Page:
(Photos by Chris Schneider Photography)
To Colorado State University’s Dr. Seth Donahue nature lends much to the world around us.
When bighorn sheep ram against one another, they don’t incur injury, an observation which can directly relate to how better helmets can be built to protect humans.
The idea of mimicking nature to build out – or model – technological advances is one of Donahue’s focuses. Molding new-age innovation after aspects found in nature is the focus of the Denver Museum of Nature & Science’s Nature’s Amazing Machines exhibit, which will run through Jan. 1, 2018.
“I think the Nature’s Amazing Machines exhibit at the DMNS is a wonderful way to educate people of all ages about the unique materials like bone and horn and mechanical mechanisms such as the jaws of predators like T-Rex and crocodiles that have evolved to perform extreme mechanical functions,” Donahue said.
“It was a pleasure to work with museum personnel on the content of this exhibit. I think the exhibit could be especially influential for K-12 and college students to pursue careers in the fields of biomimicry and bio-inspired design.”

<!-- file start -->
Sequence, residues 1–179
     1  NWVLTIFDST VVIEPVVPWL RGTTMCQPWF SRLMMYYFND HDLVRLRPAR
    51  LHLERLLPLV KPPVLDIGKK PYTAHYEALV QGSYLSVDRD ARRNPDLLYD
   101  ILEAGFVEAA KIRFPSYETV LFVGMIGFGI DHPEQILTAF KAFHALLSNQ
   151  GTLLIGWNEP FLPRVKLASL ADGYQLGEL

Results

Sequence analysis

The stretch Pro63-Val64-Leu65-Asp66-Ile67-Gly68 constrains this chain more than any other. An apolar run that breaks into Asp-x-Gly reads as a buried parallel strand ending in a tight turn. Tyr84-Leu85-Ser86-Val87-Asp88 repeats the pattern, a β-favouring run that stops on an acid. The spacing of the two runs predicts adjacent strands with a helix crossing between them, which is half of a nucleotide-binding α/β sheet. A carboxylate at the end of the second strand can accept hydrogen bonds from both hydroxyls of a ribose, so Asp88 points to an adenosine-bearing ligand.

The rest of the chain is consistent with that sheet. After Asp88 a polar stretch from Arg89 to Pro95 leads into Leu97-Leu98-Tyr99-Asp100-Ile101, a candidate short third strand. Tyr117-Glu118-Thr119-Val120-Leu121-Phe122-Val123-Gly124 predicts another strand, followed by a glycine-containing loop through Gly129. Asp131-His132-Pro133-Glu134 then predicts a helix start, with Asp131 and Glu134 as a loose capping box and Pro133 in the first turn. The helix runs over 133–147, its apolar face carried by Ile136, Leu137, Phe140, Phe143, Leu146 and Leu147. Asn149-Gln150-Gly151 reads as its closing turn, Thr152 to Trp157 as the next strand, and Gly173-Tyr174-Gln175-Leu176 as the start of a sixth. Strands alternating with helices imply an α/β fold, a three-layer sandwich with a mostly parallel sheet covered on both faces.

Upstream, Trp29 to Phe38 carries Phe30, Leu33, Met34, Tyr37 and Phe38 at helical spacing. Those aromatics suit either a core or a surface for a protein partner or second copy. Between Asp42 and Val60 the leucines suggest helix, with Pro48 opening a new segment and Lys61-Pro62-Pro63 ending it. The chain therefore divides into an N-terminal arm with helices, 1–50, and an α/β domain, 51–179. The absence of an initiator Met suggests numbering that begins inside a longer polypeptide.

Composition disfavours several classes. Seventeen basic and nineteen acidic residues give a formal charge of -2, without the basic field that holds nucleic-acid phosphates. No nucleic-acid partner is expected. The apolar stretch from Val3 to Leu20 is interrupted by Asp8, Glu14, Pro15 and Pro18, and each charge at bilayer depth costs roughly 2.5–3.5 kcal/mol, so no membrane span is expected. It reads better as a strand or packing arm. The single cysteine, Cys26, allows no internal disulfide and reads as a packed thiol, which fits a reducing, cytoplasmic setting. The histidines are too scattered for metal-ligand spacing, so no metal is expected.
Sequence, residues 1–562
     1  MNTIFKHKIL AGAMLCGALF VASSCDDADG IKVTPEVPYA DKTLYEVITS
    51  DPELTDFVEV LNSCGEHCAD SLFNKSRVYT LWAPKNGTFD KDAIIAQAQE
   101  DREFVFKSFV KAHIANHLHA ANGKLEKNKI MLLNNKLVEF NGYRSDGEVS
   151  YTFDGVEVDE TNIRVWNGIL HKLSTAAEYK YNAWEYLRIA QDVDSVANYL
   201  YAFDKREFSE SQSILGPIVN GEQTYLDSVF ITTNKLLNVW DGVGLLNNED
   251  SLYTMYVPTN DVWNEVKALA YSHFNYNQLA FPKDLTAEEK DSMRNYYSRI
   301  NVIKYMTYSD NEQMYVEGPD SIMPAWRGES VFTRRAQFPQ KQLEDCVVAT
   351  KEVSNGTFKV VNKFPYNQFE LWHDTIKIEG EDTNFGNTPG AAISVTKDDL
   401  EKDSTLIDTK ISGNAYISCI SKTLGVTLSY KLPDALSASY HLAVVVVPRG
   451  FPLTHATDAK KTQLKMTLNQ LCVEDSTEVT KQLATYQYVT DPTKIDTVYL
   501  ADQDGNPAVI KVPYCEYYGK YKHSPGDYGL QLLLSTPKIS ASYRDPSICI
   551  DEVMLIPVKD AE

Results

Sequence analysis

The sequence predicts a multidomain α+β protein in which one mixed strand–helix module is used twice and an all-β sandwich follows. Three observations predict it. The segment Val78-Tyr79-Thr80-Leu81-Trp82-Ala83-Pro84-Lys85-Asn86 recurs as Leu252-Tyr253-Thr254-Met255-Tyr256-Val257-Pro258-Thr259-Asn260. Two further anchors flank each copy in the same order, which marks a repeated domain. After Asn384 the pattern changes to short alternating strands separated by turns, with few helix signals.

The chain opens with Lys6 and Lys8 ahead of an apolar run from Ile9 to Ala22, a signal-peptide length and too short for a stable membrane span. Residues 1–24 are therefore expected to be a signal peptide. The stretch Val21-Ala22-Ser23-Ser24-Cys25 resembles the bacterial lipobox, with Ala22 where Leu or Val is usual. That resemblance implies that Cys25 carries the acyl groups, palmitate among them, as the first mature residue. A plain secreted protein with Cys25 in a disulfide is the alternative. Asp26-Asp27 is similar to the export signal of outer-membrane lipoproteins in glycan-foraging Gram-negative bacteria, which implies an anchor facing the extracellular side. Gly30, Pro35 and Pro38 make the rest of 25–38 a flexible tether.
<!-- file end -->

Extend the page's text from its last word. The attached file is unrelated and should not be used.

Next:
CSU is a major supporter of the exhibit, as part of the university’s larger association with the Museum, which includes collaborative research, student visits, and opportunities to feature CSU research and graduate student work.
As Nature’s Amazing Machines runs at the Denver Museum, the Department of Mechanical Engineering and School of Biomedical Engineering has taken an active role in programming events around the exhibit, as CSU faculty use existing biological materials to engineer solutions to health problems.
Graduate students Emily Mulawa, Ph.D. in Bioengineering, and Tim Seek, a graduate student in Mechanical Engineering shared their research with hundreds of Denver-area professionals at the Museum’s Science Lounge on July 20.
“CSU, for example, offers courses on natural biological materials and conducts research on bio-inspired design, such as in developing bio-inspired surfaces for medical devices that contact blood and new bio-inspired, high energy absorbing materials based on the horns of Bighorn sheep,” Donahue said.
Don’t miss CSU Day at the Denver Museum of Nature & Science
Sunday, Dec. 3, 2017
9 a.m. to 5 p.m.
Wear Ram gear and receive $2 off a Museum entrance ticket. Stop by the CSU Alumni Association table from 10 a.m. to 1 p.m. for CSU swag!